South American Wines with Altitude
In recent years, a trend has emerged where winemakers have been increasingly using the term “high-altitude” on their wine labels as a major selling point. This has especially been the case in the South American wine-producing countries of Chile and Argentina which sit on either side of the snow-capped Andes mountain range. Vines were originally planted by European settlers on the warm, fertile valley floors in both countries but vineyards have been rapidly creeping further and further into the Andean foothills with some of Argentina’s highest vineyards now situated over 3,000 metres above sea level.
But why are winegrowers choosing to plant vines on the inhospitable slopes of the Andes, in what are considered to be “extreme” vineyards? The picking, pruning and cultivation of grapes is often done manually, due to the difficult terrain, which is extremely costly for the winery. Is it really worth it? Do grapes grown at such a high elevation have a real impact on the style and quality of a wine? Or are wine producers merely trying to make their wine stand out in a crowd by giving them a unique selling point?
Here’s everything you need to know in order to impress your next dinner party guests with reasons why altitude makes such a difference to a wine’s quality and character.
Reason One: Climate
South American grape-growers have started planting vines at higher altitudes because temperatures are lower and the climate where grapes are grown has a huge impact on the resulting style of wine. (The average temperature falls by 1°C for approximately every 150 metres that you climb). Wines from warmer zones have different characteristics to those made where temperatures are milder.
Argentina and Chile’s traditional wine-producing areas have a warm, dry climate and you would generally expect wines from these regions to be riper and fruitier with less acidity and rounder tannins. In contrast, grapes grown at altitude (where mountains fogs and winds have a cooling influence) generally produce fresher, livelier wines.
Reason Two: Sunny Days and Chilly Nights
The high-elevation vineyards on the slopes of the Andes Mountains benefit from intense sunlight during the daytime which thickens the skins of the grapes. This contributes tannin, colour and intense flavours to the fruit. Night-time temperatures in the mountains then plummet, forcing the grape’s ripening process to slow down.
The gap between the hottest day-time temperature and the coolest night-time temperature is known as the diurnal range.
This combination of very high levels of sun exposure and chilly nights allow grapes to develop flavour and sugar without losing acidity, resulting in wines that have elegance, firmer tannins and a more aromatic character.
Reason Three: Well-Drained Soil
Another advantage of growing grapes on rocky mountainous soil is the excellent drainage. Well-drained soils encourage the vine to send its roots deeper into the ground to find nutrients and water. Most of the vine’s energy is therefore used up trying to survive and it produces lower yields than if it were grown in more fertile soils. However, the berries produced by these high-elevation, lower yielding vines produce grapes with more concentration and flavour.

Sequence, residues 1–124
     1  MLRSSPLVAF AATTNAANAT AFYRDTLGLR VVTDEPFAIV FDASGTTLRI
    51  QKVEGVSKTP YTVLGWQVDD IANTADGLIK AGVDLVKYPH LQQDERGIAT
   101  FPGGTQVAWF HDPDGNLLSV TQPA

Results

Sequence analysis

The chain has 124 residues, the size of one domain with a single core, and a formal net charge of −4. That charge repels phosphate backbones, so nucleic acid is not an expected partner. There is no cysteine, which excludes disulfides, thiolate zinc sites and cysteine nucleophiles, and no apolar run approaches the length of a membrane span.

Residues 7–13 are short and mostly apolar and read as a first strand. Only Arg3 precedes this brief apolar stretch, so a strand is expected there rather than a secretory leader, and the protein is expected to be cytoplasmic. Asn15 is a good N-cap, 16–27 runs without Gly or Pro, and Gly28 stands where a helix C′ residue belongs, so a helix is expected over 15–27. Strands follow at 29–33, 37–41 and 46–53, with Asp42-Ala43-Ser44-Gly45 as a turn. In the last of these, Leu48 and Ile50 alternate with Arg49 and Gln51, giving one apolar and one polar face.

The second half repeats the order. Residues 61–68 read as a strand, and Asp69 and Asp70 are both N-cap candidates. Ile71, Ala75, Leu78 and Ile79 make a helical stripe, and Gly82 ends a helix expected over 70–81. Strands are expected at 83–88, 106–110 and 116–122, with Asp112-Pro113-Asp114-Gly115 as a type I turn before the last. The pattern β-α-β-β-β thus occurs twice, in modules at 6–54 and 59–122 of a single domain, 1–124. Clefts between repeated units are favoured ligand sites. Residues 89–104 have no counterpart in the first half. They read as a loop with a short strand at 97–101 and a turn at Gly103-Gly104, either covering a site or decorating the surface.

A True Mark of Distinction
In essence, dramatic contrasts in temperature, more concentrated sunlight and excellent drainage are the main factors that impact the style and quality of wines made from grapes grown at altitude. Unfortunately, these wines are more expensive to produce and often retail at higher prices than those from the valley floors. However, the elegance, concentration and bright acidity that they offer make them worth the money. Promoting a wine as “high-altitude” is not a marketing gimmick, it is a true mark of distinction.
Not Forgetting: Climate Change
The other point worth mentioning is that global warming is now playing a part in determining where winegrowers choose to locate their vineyards. Grapes grown at lower altitudes are being exposed to warmer temperatures than before. When temperatures become too hot, grapes are at risk of losing freshness and developing over-ripe flavours. Consequently, winemakers are looking to the future and moving further up the slopes in a bid to counteract the effects of climate change on their wines.
High Altitude Wines to Try
Aresti Trisquel Series 'Altitud' Merlot 2018 is made from fruit grown at a remote vineyard, situated 1,245 metres above sea level, in Chile’s Curicó Valley. This powerful Merlot has an aromatic palette of fresh fruit, sweet spice and herbs. It is a fine example of what a high altitude wine can offer with layers of complexity and a long finish. We recommend pairing it with lamb or cheese.
Finca Ferrer Acordeón Malbec 2018, hailing from Argentina’s up-and-coming Guatallary region in the Andes Mountains, provides all of the black fruit character of a traditional Argentinian Malbec but with a real backbone of mouth-watering natural acidity and structured tannins. You can taste the pure, crisp intensity of altitude in this wine with its concentrated fruit flavours and touches of vanilla, spice and chocolate. Unsurprisingly, this is an excellent wine to pair with a classic Argentinian steak but would also work well with pork ribs.
By Catherine Fielden